Blog


A Note On My Family

Posted by on 4:36 AM in Uncategorized | 0 comments

I was going to write more about EMDR. I’m not going to. I’m going to talk about my Aunt Lottie. My Great-Aunt, my Grandpa’s sister. She’s a humor-point in a lot of my stories about my family.I wish I could share her voice – imagine the voice of an elderly, sweet, somewhat stereotypical New England Jewish lady. She’s a Jewish mother & Grandmother through and through. My mother and I would joke that if someone robbed her house she would ask them if they were hungry. Her first words upon seeing guests (or meeting anyone) would be seeing if they had eaten, and then she would ask how you were doing – or introduce herself. Whatever. That voice… When I was younger, she would call me and let me know who she was – even though I had caller ID, but even if I didn’t, that voice is UNMISTAKABLE!“Hello, David? This is your Aunt Lottie.”“Really? I thought it was Ed McMahon!” This is a short story from my youth that still makes me laugh. This was years ago – when Vanilla Ice made it big, and every white Jewish kid was sagging his Docker knock-offs & wearing their clip-on bowties slightly askew…I was with a couple of my cousins in one of the bedroom at Aunt Lottie & Uncle Paul’s house – we had a cassette of Mr. Ice playing, and right at the end we echoed his sentiment: “Word to your mother.” To our shock we heard that unmistakable voice from the doorway… “What word?” How great it that, am I right?!?! Aunt Lottie’s the kind of lady who – well into her 80’s and going blind from diabetes, she was still knitting, crocheting, and sewing blankets – and winning local competitions with it! Also, her pickled herring was somewhat world-famous in Central San Diego. My mom let me know that Aunt Lottie passed last night. I haven’t seen her or spoken to her since I left San Diego and moved back to Idyllwild. I miss that voice. That was a voice that will be in my memories for a long time (I hope). That was a voice that made me laugh, and that always held a piece of home for me. I remember being at all ages and stages of my life, sitting around that dining room table in Aunt Lottie’s kitchen, talking, eating, being annoyed with my family or laughing with them – sometimes both at the same time.I remember coming home to visit at 19, being with a good amount of my cousins and sitting at that table – having my mom tell me to show everyone my new (first) tattoo (a guitar with wings). Not something you usually brag about in a Jewish family, let me tell you… Haha. She never made you feel unwelcomed.And she was always happy to see you.And she pronounced burrito with a Y towards the beginning in such a way that I can’t even spell, but was adorable as hell.If I close my eyes and think about her, I can smell her walk into the room. There’s no morals here. I just wanted to share these stories.I’ll leave them here so I can find them again...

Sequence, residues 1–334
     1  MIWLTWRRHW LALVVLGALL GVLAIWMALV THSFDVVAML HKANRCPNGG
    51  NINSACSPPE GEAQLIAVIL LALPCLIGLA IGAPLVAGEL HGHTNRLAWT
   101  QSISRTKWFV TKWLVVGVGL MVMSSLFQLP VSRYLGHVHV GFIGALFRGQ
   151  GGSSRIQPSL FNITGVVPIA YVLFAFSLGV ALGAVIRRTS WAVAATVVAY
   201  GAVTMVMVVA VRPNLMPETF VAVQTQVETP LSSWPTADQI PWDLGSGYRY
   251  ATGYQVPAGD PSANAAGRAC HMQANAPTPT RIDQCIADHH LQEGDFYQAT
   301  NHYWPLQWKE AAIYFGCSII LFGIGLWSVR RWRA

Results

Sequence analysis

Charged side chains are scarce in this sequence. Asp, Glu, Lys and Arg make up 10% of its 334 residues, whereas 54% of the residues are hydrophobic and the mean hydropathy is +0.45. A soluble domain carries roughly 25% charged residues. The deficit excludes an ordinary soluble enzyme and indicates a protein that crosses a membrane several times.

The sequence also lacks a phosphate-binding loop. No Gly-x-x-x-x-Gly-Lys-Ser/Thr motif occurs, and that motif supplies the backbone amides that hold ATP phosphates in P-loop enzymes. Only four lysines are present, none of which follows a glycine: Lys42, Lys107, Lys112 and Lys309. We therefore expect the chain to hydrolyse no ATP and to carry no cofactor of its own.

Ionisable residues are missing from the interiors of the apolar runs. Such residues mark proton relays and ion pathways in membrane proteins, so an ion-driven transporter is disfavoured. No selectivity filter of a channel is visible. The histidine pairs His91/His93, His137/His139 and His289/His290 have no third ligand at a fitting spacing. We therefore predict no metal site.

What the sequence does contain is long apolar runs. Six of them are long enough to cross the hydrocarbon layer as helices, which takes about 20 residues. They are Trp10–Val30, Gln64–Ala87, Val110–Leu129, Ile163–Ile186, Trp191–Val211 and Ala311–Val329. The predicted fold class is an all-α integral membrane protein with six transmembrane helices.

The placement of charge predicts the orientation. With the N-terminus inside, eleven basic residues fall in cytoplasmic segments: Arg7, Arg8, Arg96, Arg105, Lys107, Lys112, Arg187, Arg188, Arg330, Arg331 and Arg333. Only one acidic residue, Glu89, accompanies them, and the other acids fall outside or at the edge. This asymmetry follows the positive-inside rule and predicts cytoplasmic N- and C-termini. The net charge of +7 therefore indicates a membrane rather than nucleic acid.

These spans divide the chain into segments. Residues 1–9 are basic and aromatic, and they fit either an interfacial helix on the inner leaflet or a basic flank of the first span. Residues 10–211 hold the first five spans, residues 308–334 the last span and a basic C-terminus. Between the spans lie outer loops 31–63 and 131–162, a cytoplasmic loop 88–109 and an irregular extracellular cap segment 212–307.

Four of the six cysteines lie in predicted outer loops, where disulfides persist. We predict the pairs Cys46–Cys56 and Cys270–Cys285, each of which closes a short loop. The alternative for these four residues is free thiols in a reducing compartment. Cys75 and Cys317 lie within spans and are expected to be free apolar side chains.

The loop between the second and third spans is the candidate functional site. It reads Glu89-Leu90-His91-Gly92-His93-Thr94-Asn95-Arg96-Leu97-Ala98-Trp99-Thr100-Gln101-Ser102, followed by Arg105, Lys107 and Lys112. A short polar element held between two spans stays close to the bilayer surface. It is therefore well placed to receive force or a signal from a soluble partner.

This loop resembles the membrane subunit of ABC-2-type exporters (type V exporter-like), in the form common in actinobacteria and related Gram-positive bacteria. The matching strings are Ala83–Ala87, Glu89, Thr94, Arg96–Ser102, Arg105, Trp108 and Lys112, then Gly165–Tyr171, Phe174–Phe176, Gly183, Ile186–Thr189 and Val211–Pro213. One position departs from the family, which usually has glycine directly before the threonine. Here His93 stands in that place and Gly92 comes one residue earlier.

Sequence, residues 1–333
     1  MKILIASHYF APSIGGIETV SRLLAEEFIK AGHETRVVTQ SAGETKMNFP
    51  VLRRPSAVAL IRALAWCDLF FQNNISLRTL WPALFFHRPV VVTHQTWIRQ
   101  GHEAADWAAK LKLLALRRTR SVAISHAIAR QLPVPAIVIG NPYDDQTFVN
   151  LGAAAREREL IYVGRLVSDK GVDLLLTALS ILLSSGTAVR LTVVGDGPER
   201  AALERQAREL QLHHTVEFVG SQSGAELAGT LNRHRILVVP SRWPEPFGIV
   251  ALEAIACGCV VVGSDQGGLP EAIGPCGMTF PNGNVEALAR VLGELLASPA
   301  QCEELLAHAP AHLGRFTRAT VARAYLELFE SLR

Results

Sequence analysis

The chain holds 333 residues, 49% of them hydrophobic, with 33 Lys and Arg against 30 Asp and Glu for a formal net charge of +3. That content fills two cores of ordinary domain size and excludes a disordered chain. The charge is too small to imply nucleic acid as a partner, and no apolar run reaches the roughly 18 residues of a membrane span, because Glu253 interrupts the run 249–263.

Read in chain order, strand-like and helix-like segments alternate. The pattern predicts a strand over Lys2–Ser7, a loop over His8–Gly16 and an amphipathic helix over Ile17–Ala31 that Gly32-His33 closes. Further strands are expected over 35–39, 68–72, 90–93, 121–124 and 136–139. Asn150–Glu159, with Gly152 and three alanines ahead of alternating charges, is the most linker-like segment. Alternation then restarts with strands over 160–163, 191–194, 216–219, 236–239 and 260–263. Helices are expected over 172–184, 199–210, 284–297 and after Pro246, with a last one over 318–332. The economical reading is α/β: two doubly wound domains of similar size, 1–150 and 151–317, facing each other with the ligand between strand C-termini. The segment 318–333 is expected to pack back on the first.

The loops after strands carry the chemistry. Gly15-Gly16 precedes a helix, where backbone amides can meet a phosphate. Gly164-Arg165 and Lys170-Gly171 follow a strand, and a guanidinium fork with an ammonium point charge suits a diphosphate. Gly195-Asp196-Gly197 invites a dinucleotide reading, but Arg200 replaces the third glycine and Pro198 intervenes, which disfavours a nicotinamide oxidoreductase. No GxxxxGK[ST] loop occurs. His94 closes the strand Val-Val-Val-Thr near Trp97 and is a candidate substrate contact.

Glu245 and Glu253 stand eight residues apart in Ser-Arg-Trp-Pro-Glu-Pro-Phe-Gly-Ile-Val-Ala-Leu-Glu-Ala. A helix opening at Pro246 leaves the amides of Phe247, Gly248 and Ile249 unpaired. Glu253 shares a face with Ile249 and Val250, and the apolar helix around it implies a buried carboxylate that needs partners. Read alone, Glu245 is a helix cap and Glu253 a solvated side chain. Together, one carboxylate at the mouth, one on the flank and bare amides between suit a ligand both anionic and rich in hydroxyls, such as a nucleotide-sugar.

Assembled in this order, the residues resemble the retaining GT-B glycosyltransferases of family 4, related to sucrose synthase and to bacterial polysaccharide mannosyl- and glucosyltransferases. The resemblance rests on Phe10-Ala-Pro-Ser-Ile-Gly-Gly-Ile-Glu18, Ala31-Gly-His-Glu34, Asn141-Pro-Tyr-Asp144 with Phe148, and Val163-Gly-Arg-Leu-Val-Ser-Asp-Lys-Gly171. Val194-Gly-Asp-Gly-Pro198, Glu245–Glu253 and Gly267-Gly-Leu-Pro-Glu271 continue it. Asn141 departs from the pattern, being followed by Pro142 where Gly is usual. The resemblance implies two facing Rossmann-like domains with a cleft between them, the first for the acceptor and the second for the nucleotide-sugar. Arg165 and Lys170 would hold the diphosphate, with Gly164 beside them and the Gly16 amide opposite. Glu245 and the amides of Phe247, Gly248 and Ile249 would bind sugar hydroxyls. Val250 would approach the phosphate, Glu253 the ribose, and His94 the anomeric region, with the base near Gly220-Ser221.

read more

The Word of The Day

Posted by on 3:06 AM in Uncategorized | 0 comments

 There are some words and terms I hate. I’m not talking about the ones that are racist, sexist, or so offensive that we only refer to them by letter- like the F-Bomb, The C-Bomb or the often forgotten Parenthetical-Bomb. This time I am talking about one word in particular. One word that started out as a joke, but now… Now it is just something that really grinds my gears! That word is this: Bromance.   Yes, Bromance. I know what you’re thinking – But Hey, Mr. The Page, a Bromance is a good thing! It’s so awesome for men to be able to share that kind of platonic love!  .Sure it is. I mean that seriously. But let’s take a moment here to see why I have a problem with it. Urban Dictionary defines A Bromance as: “Bromance is the combination of two words, “brother” and ” It describes the unique male bonding found between “brothers from another mother”. This is between heterosexual males and no matter what is never seen as a gay relationship, though it may be joked about.” And Wikipedia defines it as:“A bromance is a close but non-sexual relationship between two or more men.It is an exceptionally tight affectional, homosocial male bonding relationship exceeding that of usual friendship, and is distinguished by a particularly high level of emotional intimacy. The emergence of the concept since the beginning of the 21st century has been seen as reflecting a change in societal perception and interest in the theme, with an increasing openness of western society in the twenty-first century to reconsider gender, sexuality, and exclusivity constraints.” Does that seem all fine and dandy to you?It sure as hell doesn’t to me. I have had a few good friendships in my life – I have gotten close to just a few male friends (Timm, I miss you! Pedro, my man. Sam, F Yeah! Hell, all the boyos in the band!But this wasn’t called a “Bromance.” They were my friends, my best friends. That’s all there was to it. But, now, everywhere I turn, I hear people calling these friendships a “bromance.” I had a friend come back into town, he came by the shop where I work to say hi and grab a cup of coffee. I came around from behind the counter to give him a hug and tell him it was good to see him. Someone I didn’t even know said, “wow, love the bromance atmosphere in here.” I wanted to glare at the random woman, but I was at work. I had a moment’s chat with my friend and resumed my duties. From what my research tells me, Men have been around for a while. At least 100 years, maybe more, I don’t know for sure, I wasn’t there and I’m making up the research to be flippant. My point is this – I am sure that men have had serious, close, intimate, non-sexual relationships for a long time. I think that they were usually called “friends.” I hear so many people, people of every gender & lifestyle, both using this term and talking about “enlightened males.” I hear people talking about “vulnerability” and “acceptance.” When two people – men, women, non-binary, gender fluid, and so on – when two people are close enough friends to be emotionally intimate, to share parts of their hearts and souls without it being sexual – don’t fucking mock it. I’m sure that most people don’t give it a thought, I’m...